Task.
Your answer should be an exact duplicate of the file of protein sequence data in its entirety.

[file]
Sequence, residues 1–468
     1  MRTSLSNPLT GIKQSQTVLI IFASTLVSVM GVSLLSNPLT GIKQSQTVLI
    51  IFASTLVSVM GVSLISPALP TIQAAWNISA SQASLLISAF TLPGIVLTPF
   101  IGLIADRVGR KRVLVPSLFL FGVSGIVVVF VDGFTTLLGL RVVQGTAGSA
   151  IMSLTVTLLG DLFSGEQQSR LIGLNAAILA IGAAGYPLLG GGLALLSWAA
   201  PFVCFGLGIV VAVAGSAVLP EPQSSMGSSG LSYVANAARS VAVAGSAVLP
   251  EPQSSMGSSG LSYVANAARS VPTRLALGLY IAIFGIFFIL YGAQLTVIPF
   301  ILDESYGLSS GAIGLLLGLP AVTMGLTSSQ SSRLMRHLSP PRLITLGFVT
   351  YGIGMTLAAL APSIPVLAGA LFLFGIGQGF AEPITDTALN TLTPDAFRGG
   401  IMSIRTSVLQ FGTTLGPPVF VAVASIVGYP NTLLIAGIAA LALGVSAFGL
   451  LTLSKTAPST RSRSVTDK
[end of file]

Sequence, residues 1–468
     1  MRTSLSNPLT GIKQSQTVLI IFASTLVSVM GVSLLSNPLT GIKQSQTVLI
    51  IFASTLVSVM GVSLISPALP TIQAAWNISA SQASLLISAF TLPGIVLTPF
   101  IGLIADRVGR KRVLVPSLFL FGVSGIVVVF VDGFTTLLGL RVVQGTAGSA
   151  IMSLTVTLLG DLFSGEQQSR LIGLNAAILA IGAAGYPLLG GGLALLSWAA
   201  PFVCFGLGIV VAVAGSAVLP EPQSSMGSSG LSYVANAARS VAVAGSAVLP
   251  EPQSSMGSSG LSYVANAARS VPTRLALGLY IAIFGIFFIL YGAQLTVIPF
   301  ILDESYGLSS GAIGLLLGLP AVTMGLTSSQ SSRLMRHLSP PRLITLGFVT
   351  YGIGMTLAAL APSIPVLAGA LFLFGIGQGF AEPITDTALN TLTPDAFRGG
   401  IMSIRTSVLQ FGTTLGPPVF VAVASIVGYP NTLLIAGIAA LALGVSAFGL
   451  LTLSKTAPST RSRSVTDK